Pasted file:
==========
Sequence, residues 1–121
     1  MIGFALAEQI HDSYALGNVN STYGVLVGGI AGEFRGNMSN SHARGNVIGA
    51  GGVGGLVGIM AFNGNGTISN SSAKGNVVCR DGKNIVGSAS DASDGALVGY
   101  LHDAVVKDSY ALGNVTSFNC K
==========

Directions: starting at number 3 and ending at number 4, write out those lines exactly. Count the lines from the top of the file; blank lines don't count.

    51  GGVGGLVGIM AFNGNGTISN SSAKGNVVCR DGKNIVGSAS DASDGALVGY
   101  LHDAVVKDSY ALGNVTSFNC K